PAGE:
Inspiration for The Beatles’ ‘Strawberry Fields Forever’ will open as a tourist attraction

LIVERPOOL, England — Since The Beatles wrote “Strawberry Fields Forever” in 1967, fans have peered through red metal gates at the former Salvation Army children’s home in Liverpool that inspired the song.

Now the grounds and gardens forever enshrined in John Lennon’s classic will be open to the public, starting Saturday.

The building has been turned into a visitor’s center that will have an interactive exhibition on Lennon’s early life, as well as providing training for young adults with learning disabilities.

Lennon, who lived nearby when he was a child, had a personal link to the site.

Since The Beatles wrote “Strawberry Fields Forever” in 1967, fans have peered through red metal gates at the former Salvation Army children’s home in Liverpool that inspired the song.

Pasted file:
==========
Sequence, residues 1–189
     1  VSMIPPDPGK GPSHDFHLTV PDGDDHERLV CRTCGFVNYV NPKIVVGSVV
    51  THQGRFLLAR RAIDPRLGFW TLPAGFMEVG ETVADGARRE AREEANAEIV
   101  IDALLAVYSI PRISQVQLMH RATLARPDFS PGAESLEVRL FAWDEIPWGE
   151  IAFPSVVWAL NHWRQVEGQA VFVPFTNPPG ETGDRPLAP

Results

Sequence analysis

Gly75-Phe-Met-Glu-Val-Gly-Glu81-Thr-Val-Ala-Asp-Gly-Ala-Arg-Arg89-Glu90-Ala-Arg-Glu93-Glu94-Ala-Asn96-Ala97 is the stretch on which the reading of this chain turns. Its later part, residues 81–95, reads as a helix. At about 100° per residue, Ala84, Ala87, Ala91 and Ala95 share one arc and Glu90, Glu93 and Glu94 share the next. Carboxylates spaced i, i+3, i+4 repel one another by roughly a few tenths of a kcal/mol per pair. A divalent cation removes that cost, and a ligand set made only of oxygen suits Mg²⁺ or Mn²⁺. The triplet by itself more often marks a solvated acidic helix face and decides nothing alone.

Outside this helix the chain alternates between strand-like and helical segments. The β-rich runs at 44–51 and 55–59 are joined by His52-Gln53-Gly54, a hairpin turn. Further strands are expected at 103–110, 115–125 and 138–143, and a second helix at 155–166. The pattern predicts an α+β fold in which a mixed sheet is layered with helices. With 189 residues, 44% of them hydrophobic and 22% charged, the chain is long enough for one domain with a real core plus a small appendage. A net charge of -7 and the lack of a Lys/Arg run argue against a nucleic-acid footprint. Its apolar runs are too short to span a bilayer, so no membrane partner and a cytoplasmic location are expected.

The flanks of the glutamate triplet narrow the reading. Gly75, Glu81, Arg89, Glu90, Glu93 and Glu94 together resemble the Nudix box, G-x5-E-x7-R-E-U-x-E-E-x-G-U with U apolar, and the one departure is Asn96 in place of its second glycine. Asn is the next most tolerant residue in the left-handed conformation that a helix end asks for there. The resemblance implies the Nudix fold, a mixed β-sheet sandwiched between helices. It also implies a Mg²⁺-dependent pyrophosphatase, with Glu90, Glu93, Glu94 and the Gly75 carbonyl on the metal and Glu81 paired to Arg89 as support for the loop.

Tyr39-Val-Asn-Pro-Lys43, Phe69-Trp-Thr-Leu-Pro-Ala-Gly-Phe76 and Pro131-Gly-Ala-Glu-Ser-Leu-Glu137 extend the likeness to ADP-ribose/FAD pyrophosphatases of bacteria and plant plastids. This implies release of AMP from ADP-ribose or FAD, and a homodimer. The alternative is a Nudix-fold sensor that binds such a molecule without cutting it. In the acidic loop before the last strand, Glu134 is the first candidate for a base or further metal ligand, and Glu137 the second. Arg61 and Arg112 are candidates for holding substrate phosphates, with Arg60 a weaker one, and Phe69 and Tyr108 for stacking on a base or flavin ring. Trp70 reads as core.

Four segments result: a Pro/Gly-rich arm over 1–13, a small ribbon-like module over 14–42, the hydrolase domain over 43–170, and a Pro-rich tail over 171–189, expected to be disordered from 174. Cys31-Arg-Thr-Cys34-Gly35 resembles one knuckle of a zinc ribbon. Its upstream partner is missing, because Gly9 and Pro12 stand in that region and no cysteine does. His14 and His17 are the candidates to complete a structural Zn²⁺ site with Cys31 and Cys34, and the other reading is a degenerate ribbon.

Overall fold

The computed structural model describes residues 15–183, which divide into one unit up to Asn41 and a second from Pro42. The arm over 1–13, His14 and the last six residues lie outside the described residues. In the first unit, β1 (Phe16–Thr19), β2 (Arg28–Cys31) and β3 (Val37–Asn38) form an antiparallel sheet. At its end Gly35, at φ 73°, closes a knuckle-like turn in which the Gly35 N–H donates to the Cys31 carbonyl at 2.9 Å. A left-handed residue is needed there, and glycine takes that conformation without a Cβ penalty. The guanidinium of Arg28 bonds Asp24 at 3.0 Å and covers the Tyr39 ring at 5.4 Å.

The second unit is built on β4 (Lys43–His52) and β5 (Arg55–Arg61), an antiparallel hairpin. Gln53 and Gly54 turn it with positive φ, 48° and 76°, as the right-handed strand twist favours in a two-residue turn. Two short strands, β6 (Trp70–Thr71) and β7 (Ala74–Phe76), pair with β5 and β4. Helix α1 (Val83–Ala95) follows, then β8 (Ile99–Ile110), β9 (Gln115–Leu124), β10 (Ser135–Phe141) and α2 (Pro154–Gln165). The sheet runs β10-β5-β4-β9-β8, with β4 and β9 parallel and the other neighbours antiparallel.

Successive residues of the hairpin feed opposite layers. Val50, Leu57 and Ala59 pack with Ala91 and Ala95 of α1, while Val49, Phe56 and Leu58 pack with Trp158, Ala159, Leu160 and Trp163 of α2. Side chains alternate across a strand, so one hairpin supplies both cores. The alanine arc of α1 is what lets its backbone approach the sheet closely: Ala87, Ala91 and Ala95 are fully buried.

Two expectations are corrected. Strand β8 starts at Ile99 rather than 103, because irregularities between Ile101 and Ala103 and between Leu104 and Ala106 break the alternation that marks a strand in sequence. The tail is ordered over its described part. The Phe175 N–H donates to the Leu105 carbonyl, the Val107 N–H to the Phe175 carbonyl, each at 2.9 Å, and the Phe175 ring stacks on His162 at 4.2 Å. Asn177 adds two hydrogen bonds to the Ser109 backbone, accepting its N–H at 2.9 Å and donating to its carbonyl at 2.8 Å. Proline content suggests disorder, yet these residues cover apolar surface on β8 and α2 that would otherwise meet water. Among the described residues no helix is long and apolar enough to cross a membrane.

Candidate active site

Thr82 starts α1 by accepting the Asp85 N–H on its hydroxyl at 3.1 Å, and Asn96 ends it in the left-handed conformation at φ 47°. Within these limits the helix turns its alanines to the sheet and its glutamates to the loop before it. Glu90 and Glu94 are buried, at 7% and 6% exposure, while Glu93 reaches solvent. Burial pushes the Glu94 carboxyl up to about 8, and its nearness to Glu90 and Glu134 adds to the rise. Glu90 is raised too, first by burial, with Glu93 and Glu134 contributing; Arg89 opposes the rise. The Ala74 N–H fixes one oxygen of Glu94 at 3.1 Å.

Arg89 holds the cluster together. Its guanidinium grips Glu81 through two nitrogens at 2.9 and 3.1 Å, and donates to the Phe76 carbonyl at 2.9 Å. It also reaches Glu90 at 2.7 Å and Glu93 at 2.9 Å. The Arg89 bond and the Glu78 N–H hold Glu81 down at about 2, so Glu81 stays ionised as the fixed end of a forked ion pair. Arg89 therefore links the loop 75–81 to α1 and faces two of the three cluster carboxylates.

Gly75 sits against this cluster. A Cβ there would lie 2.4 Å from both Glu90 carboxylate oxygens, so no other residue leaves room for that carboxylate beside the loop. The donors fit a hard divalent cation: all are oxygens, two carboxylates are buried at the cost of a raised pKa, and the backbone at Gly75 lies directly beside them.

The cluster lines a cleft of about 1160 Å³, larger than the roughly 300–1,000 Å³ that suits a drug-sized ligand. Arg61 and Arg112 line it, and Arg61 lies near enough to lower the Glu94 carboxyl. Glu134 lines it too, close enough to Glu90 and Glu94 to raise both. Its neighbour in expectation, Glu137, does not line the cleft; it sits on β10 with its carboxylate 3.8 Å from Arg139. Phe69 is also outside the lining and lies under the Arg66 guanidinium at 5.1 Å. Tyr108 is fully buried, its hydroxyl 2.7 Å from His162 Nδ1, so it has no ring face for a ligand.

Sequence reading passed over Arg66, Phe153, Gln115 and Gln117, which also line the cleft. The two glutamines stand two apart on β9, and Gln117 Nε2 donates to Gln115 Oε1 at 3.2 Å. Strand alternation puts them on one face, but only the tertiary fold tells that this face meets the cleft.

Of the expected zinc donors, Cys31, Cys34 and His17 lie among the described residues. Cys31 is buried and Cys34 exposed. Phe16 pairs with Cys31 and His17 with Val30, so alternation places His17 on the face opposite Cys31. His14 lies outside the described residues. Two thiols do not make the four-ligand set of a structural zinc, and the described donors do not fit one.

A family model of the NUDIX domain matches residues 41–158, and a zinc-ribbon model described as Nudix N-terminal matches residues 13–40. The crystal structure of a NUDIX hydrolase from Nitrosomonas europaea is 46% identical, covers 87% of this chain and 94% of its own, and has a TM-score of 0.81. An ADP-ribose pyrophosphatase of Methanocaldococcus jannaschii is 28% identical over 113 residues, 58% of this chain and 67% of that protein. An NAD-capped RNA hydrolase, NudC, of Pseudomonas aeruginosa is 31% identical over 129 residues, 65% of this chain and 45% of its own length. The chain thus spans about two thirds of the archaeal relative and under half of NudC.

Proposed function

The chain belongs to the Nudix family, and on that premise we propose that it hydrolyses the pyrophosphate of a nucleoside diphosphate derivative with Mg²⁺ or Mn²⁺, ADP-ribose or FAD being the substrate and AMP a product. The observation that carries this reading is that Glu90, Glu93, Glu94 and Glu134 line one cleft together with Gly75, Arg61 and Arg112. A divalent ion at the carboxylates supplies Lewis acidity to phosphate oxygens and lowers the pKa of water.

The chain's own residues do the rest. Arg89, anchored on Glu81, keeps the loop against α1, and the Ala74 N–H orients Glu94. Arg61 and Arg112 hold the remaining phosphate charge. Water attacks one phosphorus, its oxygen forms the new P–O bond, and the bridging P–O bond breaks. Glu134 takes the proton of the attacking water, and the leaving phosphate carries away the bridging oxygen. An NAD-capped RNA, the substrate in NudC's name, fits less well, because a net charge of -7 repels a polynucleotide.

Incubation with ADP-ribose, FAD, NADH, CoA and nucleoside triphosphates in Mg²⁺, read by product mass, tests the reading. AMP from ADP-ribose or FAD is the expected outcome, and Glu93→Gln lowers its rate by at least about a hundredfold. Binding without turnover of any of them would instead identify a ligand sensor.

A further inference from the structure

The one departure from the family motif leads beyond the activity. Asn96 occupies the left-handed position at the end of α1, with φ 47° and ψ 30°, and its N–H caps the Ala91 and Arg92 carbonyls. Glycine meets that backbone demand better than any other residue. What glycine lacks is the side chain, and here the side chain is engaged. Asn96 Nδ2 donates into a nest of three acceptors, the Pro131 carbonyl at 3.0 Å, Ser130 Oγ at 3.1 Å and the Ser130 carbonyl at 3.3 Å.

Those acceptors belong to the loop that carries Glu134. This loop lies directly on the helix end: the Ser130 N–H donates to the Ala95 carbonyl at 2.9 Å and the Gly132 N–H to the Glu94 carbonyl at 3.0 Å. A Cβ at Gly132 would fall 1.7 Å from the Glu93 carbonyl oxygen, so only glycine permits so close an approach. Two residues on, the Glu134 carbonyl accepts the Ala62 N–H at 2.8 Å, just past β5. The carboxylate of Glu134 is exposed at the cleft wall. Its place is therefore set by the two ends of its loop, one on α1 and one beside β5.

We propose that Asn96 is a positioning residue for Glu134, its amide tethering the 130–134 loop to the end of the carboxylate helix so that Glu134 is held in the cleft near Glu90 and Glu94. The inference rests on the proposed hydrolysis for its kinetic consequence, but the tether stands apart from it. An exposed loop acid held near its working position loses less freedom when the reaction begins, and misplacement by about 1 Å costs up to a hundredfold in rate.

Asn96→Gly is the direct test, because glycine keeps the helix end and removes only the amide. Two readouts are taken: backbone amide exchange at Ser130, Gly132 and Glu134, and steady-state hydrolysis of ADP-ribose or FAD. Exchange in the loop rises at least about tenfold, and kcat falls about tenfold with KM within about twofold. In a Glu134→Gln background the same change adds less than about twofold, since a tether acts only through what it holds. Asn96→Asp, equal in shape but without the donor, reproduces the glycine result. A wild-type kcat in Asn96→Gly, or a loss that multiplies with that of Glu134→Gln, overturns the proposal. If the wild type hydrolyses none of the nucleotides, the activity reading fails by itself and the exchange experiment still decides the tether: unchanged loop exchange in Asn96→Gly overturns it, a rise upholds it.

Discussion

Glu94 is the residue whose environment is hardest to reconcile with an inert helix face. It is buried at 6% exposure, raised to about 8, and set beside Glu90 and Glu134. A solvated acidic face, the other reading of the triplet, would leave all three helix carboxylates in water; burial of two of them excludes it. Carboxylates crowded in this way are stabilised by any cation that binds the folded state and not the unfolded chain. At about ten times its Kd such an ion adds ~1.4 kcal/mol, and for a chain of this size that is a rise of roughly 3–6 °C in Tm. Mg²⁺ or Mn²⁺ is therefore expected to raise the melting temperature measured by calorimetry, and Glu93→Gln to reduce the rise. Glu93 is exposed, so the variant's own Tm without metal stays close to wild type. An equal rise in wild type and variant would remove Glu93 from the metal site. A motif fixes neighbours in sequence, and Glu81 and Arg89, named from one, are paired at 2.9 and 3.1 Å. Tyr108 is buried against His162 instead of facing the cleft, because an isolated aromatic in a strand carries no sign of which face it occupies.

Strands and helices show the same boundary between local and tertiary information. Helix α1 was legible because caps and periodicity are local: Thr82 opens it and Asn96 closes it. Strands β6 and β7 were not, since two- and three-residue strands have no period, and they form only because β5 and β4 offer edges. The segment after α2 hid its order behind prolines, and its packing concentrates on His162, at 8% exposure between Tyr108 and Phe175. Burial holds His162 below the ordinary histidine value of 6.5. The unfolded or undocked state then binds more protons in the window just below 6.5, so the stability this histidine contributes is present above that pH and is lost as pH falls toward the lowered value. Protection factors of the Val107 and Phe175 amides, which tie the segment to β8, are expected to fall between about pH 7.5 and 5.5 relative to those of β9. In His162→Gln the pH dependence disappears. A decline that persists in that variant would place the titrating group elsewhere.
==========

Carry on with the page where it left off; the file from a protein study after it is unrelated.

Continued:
“John Lennon found sanctuary here as a child and that’s exactly what we want to offer by opening the Strawberry Field gates for good,” Salvation Army Territorial Commander Commissioner Anthony Cotterill said.

Lennon used to play during garden parties that took place each summer on Strawberry Field’s grounds.

The site’s old Victorian house was torn down in 1973 and replaced by a modern building, which was shut down for good in 2005.

“I’ve been really impressed by The Salvation Army’s vision and now there is huge potential to make a real change in the lives of young people who will grow in the precious soil of Strawberry Field,” Julia Baird, Lennon’s sister, said in a Salvation Army press release.

Around 60,000 visitors gather outside the red gates every year, according to the BBC.

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